While parents and other visitors are most likely to transport THS to the NICU22, medical providers who smoke or who are in smoking environments may also contribute to THS contamination. From 2003 to 2011, data support that physicians (≤2.3%) and registered nurses (≤11.1%) engage in lower smoking rates, compared to the US overall population, whereas respiratory therapists engage in smoking levels closer to the US population (<19.3%)23-25. Data are limited regarding the proportion of medical staff who use electronic nicotine devices (ENDS), live with a smoker, or spend time in environments where smoking occurs. The primary aim of this study was to characterize the level of nicotine (a proxy of THS) found on the fingers of NICU medical staff and to assess self-reported smoking and exposure to SHS/THS outside the hospital. Our a priori hypotheses were that >10% of medical staff would have measurable levels of nicotine on their fingers and that staff in greater contact with SHS/THS would have higher finger-nicotine levels. Variables related to cigarettes/ENDS use and exposure to cigarettes/ENDS, with a potential for direct influence on finger-nicotine levels, were also investigated. This is the first study to explore finger-nicotine levels with medical staff and adds unique information about NICU staff exposure to SHS/THS.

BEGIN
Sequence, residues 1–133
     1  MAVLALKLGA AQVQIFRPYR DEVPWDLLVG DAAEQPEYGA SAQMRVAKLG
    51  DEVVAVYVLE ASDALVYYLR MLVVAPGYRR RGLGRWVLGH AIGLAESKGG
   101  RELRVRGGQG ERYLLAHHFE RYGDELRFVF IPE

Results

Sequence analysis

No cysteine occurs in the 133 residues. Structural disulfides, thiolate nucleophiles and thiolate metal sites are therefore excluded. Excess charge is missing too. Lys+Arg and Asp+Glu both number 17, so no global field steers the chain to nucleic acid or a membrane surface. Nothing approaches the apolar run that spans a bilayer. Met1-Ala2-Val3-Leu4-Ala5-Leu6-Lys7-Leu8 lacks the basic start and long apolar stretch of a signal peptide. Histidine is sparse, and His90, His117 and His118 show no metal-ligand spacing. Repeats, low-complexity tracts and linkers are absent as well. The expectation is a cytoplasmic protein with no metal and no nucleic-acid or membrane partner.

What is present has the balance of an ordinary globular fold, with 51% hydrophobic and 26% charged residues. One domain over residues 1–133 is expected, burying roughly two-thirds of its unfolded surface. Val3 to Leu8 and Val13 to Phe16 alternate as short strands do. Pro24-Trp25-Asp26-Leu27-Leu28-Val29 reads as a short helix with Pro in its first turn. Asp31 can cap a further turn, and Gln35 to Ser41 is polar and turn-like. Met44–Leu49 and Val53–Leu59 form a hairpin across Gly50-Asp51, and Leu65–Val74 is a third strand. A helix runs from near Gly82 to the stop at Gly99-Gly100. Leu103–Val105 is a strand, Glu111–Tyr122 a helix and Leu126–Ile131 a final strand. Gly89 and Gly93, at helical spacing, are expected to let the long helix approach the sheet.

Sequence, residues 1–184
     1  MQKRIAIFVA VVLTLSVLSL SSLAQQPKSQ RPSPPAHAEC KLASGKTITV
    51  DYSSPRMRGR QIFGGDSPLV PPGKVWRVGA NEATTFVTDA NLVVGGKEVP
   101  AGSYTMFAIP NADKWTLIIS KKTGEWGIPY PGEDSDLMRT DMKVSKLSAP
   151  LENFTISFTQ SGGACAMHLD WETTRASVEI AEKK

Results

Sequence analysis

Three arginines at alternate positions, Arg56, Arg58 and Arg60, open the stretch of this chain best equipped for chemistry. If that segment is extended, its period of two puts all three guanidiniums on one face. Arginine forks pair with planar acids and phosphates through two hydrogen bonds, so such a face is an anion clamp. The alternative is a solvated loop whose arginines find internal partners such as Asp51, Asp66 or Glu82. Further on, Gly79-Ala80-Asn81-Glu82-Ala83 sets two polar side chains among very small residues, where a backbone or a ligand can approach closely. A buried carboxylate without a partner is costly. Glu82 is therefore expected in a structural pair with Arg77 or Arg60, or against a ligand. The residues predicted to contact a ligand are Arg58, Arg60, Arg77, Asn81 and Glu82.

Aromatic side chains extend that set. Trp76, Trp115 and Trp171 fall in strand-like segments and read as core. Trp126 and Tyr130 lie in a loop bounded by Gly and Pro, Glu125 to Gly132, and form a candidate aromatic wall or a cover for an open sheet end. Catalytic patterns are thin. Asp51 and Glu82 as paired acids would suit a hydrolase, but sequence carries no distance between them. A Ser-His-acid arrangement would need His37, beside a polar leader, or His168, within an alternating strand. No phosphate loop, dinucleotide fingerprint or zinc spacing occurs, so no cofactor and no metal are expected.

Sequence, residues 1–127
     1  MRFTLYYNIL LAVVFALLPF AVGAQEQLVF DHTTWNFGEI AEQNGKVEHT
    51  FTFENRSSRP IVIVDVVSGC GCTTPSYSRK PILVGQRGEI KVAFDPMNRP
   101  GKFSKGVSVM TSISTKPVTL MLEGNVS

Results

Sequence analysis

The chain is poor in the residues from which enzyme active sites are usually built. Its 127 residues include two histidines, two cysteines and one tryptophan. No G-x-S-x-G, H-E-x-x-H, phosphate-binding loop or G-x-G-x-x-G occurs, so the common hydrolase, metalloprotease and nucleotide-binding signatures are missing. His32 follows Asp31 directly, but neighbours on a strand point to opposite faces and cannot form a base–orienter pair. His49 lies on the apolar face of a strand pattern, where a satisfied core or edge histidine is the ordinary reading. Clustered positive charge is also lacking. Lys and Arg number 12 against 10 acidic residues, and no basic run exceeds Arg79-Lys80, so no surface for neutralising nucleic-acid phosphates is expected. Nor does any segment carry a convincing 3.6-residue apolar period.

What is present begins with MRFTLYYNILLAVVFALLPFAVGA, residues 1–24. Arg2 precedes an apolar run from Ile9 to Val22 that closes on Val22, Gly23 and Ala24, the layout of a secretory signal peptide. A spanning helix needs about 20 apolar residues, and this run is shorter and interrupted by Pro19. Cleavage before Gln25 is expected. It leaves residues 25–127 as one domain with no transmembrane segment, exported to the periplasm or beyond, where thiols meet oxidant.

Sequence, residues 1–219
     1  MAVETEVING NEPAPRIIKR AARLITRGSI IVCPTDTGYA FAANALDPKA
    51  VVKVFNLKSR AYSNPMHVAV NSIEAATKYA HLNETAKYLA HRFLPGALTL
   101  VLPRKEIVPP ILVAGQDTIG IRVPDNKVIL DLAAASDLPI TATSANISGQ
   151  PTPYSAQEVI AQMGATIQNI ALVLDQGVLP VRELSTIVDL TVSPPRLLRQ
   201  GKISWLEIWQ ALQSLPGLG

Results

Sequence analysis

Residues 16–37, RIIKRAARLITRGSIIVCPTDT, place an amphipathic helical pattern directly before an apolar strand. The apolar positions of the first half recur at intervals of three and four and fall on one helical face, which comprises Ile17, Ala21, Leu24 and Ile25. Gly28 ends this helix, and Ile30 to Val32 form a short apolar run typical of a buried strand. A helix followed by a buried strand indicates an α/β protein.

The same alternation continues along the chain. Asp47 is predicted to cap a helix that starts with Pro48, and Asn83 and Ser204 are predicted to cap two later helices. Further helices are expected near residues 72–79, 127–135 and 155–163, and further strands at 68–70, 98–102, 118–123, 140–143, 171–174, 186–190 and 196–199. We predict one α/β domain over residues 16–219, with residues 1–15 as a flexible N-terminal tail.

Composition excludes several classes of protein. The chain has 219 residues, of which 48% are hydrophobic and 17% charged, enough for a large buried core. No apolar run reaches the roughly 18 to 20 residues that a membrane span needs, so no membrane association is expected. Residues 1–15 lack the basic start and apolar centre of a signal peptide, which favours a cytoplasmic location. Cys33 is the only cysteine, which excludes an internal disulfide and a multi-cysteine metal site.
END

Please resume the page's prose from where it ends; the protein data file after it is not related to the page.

Participants and procedures

Participants were medical staff recruited from a large, urban children’s hospital in Houston, Texas with a 144-bed NICU and over 1000 admissions per year. Recruitment to complete a 5-minute survey took place over a 30-day period (beginning in January 2017), in employee lounges and conference rooms. Research staff attended regularly scheduled NICU-staff meetings (e.g. morning/evening rounds) and verbally consented medical staff, before completing any research procedures, in compliance with our institutional and hospital IRBs (HSC-MS-15-0614).